Pool, books or buffet: Limited options in Tenerife's locked down hotel

TENERIFE, Spain (Reuters) – At first glance, the hotel looks like any other. It bustles with holidaymakers choosing their food and drink from the buffet while others bag sunloungers by the pool.

Only the protective masks give a glimpse of how unreal life has already become for the 700-plus guests in Tenerife’s H10 Costa Adeje Palace Hotel on the third day of its lockdown after four cases of coronavirus were detected there.

“Everything is quite surreal, 95% of the situation remains normal here but we feel encapsulated,” one of the guests, Christopher Betts, from Leicestershire in central England, told Reuters by telephone as he sat by the pool.

“We kill the time by walking around, reading a bit, sitting by the pool … Everything is open but the bar,” he said, praising hotel staff for their hard work.

Regional authorities on the Spanish island said on Wednesday guests would have to stay in the hotel for 14 days to avoid any risk of spreading the disease – their experiences of adjusting to confinement similar to those who spent two weeks in quarantine on the Diamond Princess cruiseliner off Yokohama, near Tokyo.

Just like for some of those passengers, the view from balcony has become their window on the world.

A video from inside the hotel showed guests sunbathing by one of the swimming pools and others serving themselves at a restaurant buffet. Some, but not all, wore protective masks, lowering them while eating.

Others used the hotel exercise bikes as they awaited news of what happens next.

Hugh Elliot, the British Ambassador to Spain, said in a video statement a total of 168 Britons were in the hotel and the embassy had contacted most of them “to answer questions and respond to concerns”, while working closely with the authorities and hotel management.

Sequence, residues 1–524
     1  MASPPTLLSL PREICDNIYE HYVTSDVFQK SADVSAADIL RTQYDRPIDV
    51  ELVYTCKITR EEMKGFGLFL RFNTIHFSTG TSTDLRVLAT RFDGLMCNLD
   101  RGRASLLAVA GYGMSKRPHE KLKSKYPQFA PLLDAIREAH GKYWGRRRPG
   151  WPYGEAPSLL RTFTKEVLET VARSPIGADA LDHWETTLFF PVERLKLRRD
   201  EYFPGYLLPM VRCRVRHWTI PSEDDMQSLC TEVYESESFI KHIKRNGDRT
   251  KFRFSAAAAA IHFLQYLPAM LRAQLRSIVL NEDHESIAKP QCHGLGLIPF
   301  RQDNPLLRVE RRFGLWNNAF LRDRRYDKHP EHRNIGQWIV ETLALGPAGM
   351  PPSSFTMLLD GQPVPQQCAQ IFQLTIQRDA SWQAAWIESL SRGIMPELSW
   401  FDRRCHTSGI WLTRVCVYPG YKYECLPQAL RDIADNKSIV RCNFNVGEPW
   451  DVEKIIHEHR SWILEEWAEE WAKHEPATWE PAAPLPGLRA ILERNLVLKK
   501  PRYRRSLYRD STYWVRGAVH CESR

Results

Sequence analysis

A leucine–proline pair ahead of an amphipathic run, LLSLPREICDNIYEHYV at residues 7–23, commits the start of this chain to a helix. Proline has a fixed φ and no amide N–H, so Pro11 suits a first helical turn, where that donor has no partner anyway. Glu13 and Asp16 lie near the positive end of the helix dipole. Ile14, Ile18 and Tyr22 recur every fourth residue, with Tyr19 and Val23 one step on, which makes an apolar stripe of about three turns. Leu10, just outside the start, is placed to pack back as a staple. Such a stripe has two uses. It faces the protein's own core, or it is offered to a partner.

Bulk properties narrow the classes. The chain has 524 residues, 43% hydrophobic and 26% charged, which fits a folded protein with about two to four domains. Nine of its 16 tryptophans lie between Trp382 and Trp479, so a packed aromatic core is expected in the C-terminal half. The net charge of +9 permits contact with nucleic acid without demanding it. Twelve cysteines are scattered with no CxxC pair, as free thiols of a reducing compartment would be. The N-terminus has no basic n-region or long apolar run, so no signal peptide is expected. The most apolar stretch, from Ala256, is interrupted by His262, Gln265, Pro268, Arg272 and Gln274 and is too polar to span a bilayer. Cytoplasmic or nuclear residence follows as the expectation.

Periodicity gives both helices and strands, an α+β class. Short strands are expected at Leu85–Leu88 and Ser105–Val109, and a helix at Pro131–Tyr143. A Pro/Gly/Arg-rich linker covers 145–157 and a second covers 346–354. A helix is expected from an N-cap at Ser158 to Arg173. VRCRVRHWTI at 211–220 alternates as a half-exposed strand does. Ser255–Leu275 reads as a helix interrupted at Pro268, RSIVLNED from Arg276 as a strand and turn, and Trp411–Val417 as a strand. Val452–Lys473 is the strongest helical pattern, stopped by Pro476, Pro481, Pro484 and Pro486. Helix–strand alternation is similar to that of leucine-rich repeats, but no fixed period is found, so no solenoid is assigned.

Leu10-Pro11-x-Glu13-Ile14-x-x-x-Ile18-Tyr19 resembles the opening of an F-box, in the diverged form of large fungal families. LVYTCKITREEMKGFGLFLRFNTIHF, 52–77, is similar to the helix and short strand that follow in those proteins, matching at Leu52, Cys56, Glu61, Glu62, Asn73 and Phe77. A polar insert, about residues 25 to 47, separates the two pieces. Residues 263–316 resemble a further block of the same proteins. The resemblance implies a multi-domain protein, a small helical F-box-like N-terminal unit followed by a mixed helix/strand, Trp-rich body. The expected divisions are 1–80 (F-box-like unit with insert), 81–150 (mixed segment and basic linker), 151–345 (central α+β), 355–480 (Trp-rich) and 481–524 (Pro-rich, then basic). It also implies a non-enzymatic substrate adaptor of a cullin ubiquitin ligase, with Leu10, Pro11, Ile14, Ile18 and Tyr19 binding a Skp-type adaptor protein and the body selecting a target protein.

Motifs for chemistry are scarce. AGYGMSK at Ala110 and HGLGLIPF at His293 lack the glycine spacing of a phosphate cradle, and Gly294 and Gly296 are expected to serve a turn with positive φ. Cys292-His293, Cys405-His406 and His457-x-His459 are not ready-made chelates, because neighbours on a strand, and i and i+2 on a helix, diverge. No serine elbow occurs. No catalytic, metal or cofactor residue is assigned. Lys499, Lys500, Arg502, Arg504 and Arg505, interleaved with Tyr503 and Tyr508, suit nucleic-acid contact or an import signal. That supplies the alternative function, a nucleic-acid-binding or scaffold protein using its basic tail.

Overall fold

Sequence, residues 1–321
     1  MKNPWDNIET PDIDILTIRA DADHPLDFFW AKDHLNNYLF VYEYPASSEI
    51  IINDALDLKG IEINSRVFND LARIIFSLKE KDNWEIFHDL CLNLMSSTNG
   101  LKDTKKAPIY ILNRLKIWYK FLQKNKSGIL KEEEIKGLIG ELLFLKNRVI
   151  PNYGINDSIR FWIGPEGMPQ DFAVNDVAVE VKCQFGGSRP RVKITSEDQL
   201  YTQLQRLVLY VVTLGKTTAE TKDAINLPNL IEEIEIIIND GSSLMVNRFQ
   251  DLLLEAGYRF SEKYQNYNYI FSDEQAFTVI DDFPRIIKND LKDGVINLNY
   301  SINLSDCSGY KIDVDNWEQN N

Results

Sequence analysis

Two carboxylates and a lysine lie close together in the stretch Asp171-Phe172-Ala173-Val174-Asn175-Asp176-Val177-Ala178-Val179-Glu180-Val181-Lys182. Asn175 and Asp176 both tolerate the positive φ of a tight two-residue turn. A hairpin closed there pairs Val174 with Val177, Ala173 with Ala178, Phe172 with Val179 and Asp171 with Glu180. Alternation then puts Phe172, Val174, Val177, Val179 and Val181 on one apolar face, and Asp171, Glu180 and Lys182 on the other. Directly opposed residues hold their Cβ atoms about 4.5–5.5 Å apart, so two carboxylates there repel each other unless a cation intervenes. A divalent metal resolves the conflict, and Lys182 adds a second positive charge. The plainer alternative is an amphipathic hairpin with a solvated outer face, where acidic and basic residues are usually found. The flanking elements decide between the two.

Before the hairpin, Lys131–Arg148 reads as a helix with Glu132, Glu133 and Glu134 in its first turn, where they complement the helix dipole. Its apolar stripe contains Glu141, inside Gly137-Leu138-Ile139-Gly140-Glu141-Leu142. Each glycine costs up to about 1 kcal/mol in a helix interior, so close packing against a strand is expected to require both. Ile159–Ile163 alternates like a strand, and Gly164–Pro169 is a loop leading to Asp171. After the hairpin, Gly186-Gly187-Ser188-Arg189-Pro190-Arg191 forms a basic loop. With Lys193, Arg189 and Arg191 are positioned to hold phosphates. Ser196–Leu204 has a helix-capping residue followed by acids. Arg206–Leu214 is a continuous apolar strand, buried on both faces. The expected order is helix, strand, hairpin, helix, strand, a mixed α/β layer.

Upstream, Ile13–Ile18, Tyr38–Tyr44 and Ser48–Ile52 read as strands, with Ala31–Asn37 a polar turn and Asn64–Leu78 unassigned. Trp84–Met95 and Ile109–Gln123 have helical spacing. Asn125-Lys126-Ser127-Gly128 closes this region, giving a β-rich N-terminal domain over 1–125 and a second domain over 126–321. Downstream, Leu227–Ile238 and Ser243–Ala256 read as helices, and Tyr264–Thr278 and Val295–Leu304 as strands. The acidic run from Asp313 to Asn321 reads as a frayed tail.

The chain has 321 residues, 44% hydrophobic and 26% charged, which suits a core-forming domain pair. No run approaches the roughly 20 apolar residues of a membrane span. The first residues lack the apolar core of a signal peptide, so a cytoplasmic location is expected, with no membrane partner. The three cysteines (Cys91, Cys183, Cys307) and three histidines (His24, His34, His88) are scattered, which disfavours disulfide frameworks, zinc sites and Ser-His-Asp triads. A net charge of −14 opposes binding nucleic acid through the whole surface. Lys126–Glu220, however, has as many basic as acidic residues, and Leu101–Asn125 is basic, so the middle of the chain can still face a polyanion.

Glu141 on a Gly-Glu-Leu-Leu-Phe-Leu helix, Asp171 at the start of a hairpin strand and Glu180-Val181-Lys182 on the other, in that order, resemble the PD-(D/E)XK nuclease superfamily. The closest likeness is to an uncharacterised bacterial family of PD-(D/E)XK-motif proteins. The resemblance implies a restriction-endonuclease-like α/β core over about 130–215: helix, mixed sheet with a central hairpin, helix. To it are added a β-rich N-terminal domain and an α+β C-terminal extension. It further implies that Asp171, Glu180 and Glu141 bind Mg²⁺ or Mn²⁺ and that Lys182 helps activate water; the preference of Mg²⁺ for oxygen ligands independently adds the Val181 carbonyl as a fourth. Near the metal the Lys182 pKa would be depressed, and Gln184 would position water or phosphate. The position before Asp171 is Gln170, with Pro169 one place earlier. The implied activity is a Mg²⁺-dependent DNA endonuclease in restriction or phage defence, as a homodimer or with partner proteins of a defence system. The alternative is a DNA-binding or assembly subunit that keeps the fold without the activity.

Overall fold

“We advise British nationals affected to follow the advice of the local authorities,” he said.

The hotel has said in a statement it was cooperating with authorities and did not respond to any requests for comment, including questions on who would ultimately pay for the forced extended vacation.

Most shops nearby shut, as the guests who make up the bulk of their customers were unable to leave the hotel to visit.

Carlota, a volunteer nurse about to enter the hotel, told Reuters: “What we are really afraid of is that other people could be infected. Supposedly in healthy people it is not a deadly virus. We should not have any problem”.

The coronavirus can spread via droplets in the air when an infected person coughs, sneezes or breathes out, and these can also contaminate surfaces such as door handles and railings.

Experts have said guests should minimize contact with one another and remain in their rooms as much as possible.

Spain’s total number of active coronavirus cases rose to 15 on Thursday from 11, with the bulk of them linked to Italy, hit by the worst outbreak of the disease yet seen in Europe, with 528 cases and 14 deaths. The four infected people in the hotel were all Italians.

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